The Washington Freedom was an American professional soccer club based in the Washington, D.C., suburb of Germantown, Maryland, that participated in Women's Professional Soccer. The Freedom was founded in 2001 as a member of the defunct Women's United Soccer Association. Beginning in 2004, the Freedom played its home games at the Maryland SoccerPlex. In 2011, the team relocated to Boca Raton, Florida, and became magicJack.

The 2008 WPS International Draft took place on September 24, 2008. It was the first international draft held by Women's Professional Soccer to assign the WPS rights of international players to the American-based teams. For the 2009 season, teams will be able to sign 5 international players to their roster.

The 2009 Women's Professional Soccer season served as the inaugural season for WPS, the top level professional women's soccer league in the United States. The regular season began on March 29 and ended on August 9, with the postseason being held between August 15 and 21.

Nippon TV Beleza and INAC Kobe Leonessa

Sawa returned to Japan temporarily at the end of the 2009 Women's Professional Soccer season, and joined Nippon TV Beleza on loan. [4] At the end of 2010 Women's Professional Soccer season, she returned to Nippon TV Beleza.

In January 2011, Sawa moved to INAC Kobe Leonessa due to financial strain at Nippon TV Beleza, with international players; Shinobu Ohno, Yukari Kinga, and Chiaki Minamiyama. The club won the L.League championship 3 years in a row (2011-2013). On December 16, 2015, she announced her intent to retire at the end of the 2015 season. At the 2015 Empress's Cup, Sawa's final tournament as a player, INAC Kobe Leonessa reached the final. In the final against Albirex Niigata on December 27, she scored the lone goal of the match in the 78th minute to secure the championship for her side. [5]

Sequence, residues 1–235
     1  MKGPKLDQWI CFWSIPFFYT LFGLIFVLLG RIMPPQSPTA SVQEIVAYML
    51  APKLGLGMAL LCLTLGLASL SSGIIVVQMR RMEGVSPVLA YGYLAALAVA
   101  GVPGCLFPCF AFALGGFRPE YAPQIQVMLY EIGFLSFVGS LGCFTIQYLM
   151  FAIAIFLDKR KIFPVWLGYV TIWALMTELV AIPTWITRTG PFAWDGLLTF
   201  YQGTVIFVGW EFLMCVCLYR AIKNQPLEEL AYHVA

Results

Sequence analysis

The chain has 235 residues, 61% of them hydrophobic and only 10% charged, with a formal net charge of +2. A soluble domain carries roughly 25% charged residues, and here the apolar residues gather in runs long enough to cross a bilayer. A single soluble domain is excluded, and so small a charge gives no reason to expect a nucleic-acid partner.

National team career

Sawa captaining Japan in the 2011 World Cup Homare Sawa in 2011.JPG
Sawa captaining Japan in the 2011 World Cup

On 6 December 1993, at age 15, Sawa made her Japanese international debut, scoring four goals in her first ever match, a win against the Philippines. She has subsequently remained a fixture for the Japanese national team, participating in the last six FIFA Women's World Cup tournaments and the 1996, 2004, 2008, and 2012 Summer Olympics on her way to a Japanese record 201 caps, and a Japanese female-best 81 international goals, including a hat trick in a 2011 World Cup group stage match against Mexico. [m 1]

Yuki Ogimi (17) scores for Japan against the United States off a pass from Homare Sawa (10) as Kelley O'Hara (5) defends and Hope Solo (1) attempts to save. Ogimi scores vs USA, 2012 Olympic gold medal match.jpg
Yuki Ogimi (17) scores for Japan against the United States off a pass from Homare Sawa (10) as Kelley O'Hara (5) defends and Hope Solo (1) attempts to save.

Sawa led the Japanese national team as captain to a world championship victory at the 2011 World Cup . After a 2–2 tie in front of a sellout crowd in Frankfurt, Germany (with one goal by Sawa in the 117th minute), Japan won the penalty shootout 3–1, defeating the United States to win their first ever World Cup. Sawa was also awarded the Golden Boot for being the tournament's leading scorer with five goals and the Golden Ball for being the tournament's MVP.

On 9 January 2012, Sawa was awarded the FIFA Women's World Player of the Year in Zurich, Switzerland. [6] She announced her immediate retirement from international football in August 2012, after helping Japan win a silver medal at the 2012 London Olympics. [7]